Thu, Aug 05, 2004 - Page 3 News List

GIO to curb illegal radio stations

BROADCASTERS The Government Information Office said that, despite efforts to allow underground radio stations to become licensed, a crackdown on the stations will go on

By Ko Shu-ling  /  STAFF REPORTER

Pledging to continue the crackdown on underground radio stations before legalizing them, the Government Information Office (GIO) is expected to unveil a concrete measure next week regarding the legalization of underground radio stations and complete the process by the end of next year.

There are 93 underground radio stations. The GIO is accepting illegal radio stations' applications starting Oct. 1.

"In addition to helping underground radio stations become legal, we won't hesitate to continue the crackdown on illegal radio stations," GIO Director-General Lin Chia-lung (林佳龍) told reporters yesterday morning.

Likening underground broadcasters to "illegal street vendors," Lin said that the measure is aimed at restructuring the order of the radio industry and creating a win-win situation for both underground radio stations and legal ones.

"Instead of letting street vendors roam the streets and affect the business of regular stores, we thought it would be a better idea to assign a special zone for them, where they can play by the rules and be better regulated," Lin said.

"If successfully implemented, a similar measure will not only safeguard the interest of legal radio stations, but also help the formerly illegal ones upgrade their competitive edge," Lin said.

Under the GIO's plan, two hertzes of the radio frequencies between 88hz to 108hz would be set aside for underground radio stations.

To better manage radio stations, Lin said that the GIO plans to separate radio stations with high, medium and low transmit powers into three different frequency categories.

While the transmission radius of a high transmit power radio station covers the entire nation, that of a medium transmit power station is 20km and low transmit power 10km to 15km.

Currently, radio stations with a high-powered transmitter are state-owned such as Police Radio Station and Voice of Han Broadcasting Network.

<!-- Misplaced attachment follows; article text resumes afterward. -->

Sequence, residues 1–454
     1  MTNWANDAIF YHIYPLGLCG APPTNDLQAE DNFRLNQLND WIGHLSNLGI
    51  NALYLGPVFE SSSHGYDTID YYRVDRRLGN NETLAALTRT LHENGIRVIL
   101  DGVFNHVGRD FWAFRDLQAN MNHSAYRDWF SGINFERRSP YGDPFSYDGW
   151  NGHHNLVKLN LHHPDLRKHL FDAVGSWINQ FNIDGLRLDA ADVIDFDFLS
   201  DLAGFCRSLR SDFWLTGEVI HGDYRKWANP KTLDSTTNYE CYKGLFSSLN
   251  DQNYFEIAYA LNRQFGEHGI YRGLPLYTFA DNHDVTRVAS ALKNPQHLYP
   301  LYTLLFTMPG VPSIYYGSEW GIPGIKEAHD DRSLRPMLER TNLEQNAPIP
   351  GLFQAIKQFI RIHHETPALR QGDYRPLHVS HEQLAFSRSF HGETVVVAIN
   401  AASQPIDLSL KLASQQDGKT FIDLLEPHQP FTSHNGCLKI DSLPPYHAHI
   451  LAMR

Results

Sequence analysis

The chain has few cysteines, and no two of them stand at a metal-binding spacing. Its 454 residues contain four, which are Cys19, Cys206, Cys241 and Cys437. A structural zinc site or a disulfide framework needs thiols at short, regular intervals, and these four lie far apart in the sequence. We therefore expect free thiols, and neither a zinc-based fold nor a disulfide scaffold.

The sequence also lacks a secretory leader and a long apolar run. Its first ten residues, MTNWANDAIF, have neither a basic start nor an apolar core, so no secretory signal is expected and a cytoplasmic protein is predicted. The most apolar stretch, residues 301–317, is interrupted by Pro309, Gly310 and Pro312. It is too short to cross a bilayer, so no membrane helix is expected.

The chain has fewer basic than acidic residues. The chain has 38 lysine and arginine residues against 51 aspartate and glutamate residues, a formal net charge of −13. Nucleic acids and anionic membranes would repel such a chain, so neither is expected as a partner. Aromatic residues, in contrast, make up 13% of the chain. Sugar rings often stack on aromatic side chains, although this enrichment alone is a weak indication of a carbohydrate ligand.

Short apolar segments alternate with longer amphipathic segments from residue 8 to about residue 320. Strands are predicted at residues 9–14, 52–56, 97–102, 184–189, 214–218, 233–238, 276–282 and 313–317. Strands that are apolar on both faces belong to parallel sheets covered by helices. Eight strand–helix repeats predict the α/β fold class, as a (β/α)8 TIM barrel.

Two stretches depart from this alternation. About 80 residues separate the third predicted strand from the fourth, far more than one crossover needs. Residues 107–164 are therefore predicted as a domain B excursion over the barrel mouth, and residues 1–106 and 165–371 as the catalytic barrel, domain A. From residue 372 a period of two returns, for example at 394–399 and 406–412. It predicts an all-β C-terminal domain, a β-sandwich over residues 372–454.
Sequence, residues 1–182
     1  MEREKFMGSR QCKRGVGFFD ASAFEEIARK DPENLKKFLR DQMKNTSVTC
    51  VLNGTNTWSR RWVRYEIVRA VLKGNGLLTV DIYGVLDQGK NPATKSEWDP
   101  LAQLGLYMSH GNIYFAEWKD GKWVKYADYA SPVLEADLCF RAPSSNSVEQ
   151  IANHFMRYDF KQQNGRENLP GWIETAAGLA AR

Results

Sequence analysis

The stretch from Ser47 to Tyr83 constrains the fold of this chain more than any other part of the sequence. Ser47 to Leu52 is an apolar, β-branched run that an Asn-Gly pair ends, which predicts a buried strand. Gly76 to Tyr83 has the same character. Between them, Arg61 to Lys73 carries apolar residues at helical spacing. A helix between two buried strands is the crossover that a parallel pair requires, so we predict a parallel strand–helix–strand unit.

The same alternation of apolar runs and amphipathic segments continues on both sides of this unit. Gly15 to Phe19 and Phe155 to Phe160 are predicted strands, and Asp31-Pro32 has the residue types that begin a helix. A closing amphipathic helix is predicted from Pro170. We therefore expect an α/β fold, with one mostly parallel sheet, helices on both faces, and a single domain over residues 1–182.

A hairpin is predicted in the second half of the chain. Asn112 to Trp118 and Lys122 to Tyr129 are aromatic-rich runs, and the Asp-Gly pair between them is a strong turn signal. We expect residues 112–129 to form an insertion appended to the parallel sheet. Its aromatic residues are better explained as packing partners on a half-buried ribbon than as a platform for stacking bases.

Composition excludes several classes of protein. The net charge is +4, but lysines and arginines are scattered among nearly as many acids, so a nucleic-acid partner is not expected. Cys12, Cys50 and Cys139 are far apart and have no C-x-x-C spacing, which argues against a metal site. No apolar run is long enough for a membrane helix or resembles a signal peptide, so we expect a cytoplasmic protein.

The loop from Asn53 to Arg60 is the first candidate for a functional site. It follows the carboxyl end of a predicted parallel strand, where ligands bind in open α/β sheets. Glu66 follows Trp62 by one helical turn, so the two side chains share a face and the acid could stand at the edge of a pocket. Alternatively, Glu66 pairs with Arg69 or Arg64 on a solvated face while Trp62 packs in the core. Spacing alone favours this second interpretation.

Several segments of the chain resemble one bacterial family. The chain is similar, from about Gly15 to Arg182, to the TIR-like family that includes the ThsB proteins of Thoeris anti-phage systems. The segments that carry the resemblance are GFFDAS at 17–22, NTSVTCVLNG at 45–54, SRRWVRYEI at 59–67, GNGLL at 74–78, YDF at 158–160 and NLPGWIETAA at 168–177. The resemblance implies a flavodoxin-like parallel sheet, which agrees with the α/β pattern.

Radio stations with medium transmission power are privately owned either for commercial purposes or public service. Those with low transmission power include school experiment radio stations or underground radio stations.

Responding to the criticism that it was inappropriate for GIO to make such a major policy decision before it is dissolved and transfers its responsibilities to the proposed national communication council (NCC), Lin said that the criticism sounded "short-sighted."

"So are they saying that we don't have to do anything before the government restructuring project is complete?" Lin asked. "As civil servants, it'd be dereliction of duty if we didn't do anything and continue to push for reforms."

The Cabinet approved two draft amendments in September last year aimed at abolishing the Government Information Office (GIO) and laying the foundation for its successor, the National Communications Commission (NCC).

If approved by the legislature, the commission would be an independent entity and the sole supervisory body of the telecommunications and media industries.

Cabinet Spokesman Chen Chi-mai (陳其邁), who was once the president of an underground radio station in his hometown of Kaohsiung before he was elected as a lawmaker about 10 years ago, threw his backing behind the GIO's plan.

"My station was raided for three or four times and equipments confiscated during the Chinese Nationalist Party (KMT) era," he said. "Speaking from my personal experience, it's definitely the right way to go to liberate more radio frequencies."

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